Espiritu Santo. Richard Calder.
The final instalment of Calder’s telling of the multi-generational battle of the Lords of Soho against the perverse, both within humanity, and without, from the creatures of the dark depths.
This Lord Soho, descendant of the orginal octaroon (1/8th orc) is a hunchback and more orcish than his forebears. Despairing of humanity, he dashes himself, his wife and infant child to the stony ground below the battlement of his castle. But he falls further than that – an encounters the fabled, and eponymous, sword which holds the very soul of the family.
With echoes of a previous episode, Richard Pike, is condemned to death by Parliament, but escape the gallows. Fleeing to the front, in which the final war between humanity and the orcish hordes.
A fittingly grand finale to a lengthy investment by Interzone (slightly longer than anticipated, as they have intimated), and a series which, as evidenced by the letters pages, has divided readers into those who have enjoyed his Lord Soho stories, and those who have hated them. I am of course, in the former camp.
The interview with Calder which follows, disappoints, as the interviewer allows the author to avoid questions which would have opened up the content of the interview.
Martian Madness. Thomas M. Disch
A short, short, with an MTV-style take on fashion, celebrity and omnipotent deities.
Ptaargiu. Stepehn Dedman.
The tale of two halves somewhat perplexed me. The first part was a relatively straightforward xenostudy story in which travellers to a planet seek to try their ESP to make better contact with the planet’s life-form. A resident scientist resists (and resents) their intrusion.
The antagonism spills over into a dramatic finale, when the ESP powers of the woman surface the scientist’s guilty secret. The story races to a conclusion, with a sort of ‘twist-in-the-tale’ ending which is redolent of The Twilight Zone.
www.cyber-whore.com. Ashok Banker.
Extremely explicit and dark take on virtual prostitution, and a mother desperate to get the clients out of her mind. Humanity is moving towards One Hundred status – total virtuality.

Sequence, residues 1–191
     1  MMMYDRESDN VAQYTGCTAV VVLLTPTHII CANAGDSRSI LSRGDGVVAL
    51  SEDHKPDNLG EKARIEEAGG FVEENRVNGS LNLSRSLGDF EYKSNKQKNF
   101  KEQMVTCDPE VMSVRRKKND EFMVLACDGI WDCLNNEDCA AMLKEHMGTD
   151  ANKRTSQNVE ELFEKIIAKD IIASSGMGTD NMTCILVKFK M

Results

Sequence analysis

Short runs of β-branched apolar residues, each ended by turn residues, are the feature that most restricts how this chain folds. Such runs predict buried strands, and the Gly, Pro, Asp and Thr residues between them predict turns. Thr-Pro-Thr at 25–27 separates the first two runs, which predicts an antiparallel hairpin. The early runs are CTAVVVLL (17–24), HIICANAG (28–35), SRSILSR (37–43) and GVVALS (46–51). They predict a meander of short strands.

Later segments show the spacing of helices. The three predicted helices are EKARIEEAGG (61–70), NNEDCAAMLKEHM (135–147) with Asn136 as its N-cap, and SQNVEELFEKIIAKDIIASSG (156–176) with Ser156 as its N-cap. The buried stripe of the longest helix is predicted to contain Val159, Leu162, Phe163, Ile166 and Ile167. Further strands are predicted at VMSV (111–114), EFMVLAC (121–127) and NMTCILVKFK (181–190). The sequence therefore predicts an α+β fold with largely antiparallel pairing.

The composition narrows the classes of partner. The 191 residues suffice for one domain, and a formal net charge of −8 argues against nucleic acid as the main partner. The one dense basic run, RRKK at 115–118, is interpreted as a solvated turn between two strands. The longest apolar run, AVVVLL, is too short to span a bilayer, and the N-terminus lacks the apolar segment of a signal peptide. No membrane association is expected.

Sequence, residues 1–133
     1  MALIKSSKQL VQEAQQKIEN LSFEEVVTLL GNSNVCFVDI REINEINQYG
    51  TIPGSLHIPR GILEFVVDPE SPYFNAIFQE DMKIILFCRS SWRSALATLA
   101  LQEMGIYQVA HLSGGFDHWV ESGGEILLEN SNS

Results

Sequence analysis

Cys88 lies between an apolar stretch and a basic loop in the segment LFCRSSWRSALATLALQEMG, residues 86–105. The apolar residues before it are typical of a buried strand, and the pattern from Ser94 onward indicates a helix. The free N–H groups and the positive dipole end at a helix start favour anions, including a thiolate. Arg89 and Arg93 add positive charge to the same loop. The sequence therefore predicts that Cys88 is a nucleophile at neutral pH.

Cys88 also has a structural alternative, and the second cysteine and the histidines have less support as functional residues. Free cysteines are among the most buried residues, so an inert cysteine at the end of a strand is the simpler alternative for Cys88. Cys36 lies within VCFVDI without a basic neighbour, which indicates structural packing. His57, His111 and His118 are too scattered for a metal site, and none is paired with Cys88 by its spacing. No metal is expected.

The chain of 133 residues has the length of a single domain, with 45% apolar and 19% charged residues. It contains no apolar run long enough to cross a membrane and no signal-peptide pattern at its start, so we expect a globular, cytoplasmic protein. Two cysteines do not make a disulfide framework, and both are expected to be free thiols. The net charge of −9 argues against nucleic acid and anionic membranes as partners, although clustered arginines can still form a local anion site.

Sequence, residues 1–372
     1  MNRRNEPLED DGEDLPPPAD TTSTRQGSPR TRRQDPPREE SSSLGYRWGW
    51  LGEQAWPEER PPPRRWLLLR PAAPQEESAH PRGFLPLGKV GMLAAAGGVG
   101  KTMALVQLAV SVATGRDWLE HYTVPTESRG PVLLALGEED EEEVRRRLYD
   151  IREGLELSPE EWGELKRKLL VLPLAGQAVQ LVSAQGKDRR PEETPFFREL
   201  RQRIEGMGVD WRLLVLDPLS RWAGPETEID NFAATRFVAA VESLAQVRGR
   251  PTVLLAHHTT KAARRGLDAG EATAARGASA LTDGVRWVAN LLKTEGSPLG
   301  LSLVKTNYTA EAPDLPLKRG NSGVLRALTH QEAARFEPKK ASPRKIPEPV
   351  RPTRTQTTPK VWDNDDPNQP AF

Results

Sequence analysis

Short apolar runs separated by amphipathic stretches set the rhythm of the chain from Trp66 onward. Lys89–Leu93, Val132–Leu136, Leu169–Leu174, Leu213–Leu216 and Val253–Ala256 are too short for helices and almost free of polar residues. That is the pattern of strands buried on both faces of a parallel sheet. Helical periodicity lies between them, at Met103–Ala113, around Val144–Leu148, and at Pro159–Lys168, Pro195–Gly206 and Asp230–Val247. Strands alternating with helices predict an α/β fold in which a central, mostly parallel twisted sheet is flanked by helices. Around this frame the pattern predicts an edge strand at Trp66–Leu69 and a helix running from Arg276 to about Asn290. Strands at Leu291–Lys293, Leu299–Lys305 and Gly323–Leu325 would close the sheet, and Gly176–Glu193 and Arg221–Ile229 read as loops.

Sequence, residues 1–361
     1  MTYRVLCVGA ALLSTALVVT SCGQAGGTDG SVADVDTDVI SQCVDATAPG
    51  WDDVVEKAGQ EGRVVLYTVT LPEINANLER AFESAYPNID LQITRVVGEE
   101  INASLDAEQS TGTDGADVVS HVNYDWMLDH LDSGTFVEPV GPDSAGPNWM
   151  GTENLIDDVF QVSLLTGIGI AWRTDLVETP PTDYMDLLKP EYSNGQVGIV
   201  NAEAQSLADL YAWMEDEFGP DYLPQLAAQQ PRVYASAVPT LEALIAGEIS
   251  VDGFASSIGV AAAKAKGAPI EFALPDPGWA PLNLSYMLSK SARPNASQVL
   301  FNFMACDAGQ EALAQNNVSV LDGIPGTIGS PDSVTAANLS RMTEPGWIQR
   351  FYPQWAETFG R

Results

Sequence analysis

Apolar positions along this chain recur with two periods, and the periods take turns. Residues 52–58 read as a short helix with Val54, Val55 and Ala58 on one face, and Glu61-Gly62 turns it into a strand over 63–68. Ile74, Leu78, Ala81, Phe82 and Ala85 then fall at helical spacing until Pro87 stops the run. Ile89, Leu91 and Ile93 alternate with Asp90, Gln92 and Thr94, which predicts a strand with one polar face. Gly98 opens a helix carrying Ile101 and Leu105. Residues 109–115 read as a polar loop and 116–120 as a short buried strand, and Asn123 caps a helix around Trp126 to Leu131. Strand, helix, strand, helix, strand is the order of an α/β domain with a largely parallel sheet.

The Whisper. Zoran Zivkovic.
It would be churlish of me to moan about Zivkovic’s regular appearances in Interzone, wouldn’t it? OK, so I’m churlish – bite me ;-)
Unlike Calder, Zivkovic’s stories are particularly short. Undoubtedly well written, they do, however, tend to have a single, simple idea. In this case, an autistic child appears to have special abilities when listening to certain music. (And that’s it!)
- Charles Rudkin interviews Richard Calder
- David Langford’s Ansible Link
- Gary Westfahl looks at some big names who was ‘lowered’ themselves to writing tie-ins and sharecrops
- Paul McAuley reviews Terry Bisson’s ‘The Pickup Artist’, Paul Levinson’s ‘Borrowed Tides’, Bruce Sterling’s collection ‘A Good Old-Fashioned Future’, Stepan Chapman’s collection ‘Dossier’, Peter Straub’s collection ‘Magic Terror’
- Iain Emsley reviews Terry Pratchett’s ‘Thief of Time’ and Miller Lau’s ‘Talisker’
- Phil Stephensen-Payne rips into Simon Clark’s ‘The Night of the Triffids’
- Matt Colborn reviews a reprint series of Robert E Howard’s Conan stories, and Gollancz’ issuing of Moorcock’s Elric in their Fantasy Masterworks series, Cherith Baldry’s ‘Exiled from Camelot’ (where they eat Spam a Lot)
- Paul Beardsley reviews some audio tapes, including Philip Pullman’s ‘I Was a Rat; or, The Scarlet Slippers’, and, bizarrely to me, criticises Iain Banks whilst describing in loving detail some Doctor Who tapes (duh?)
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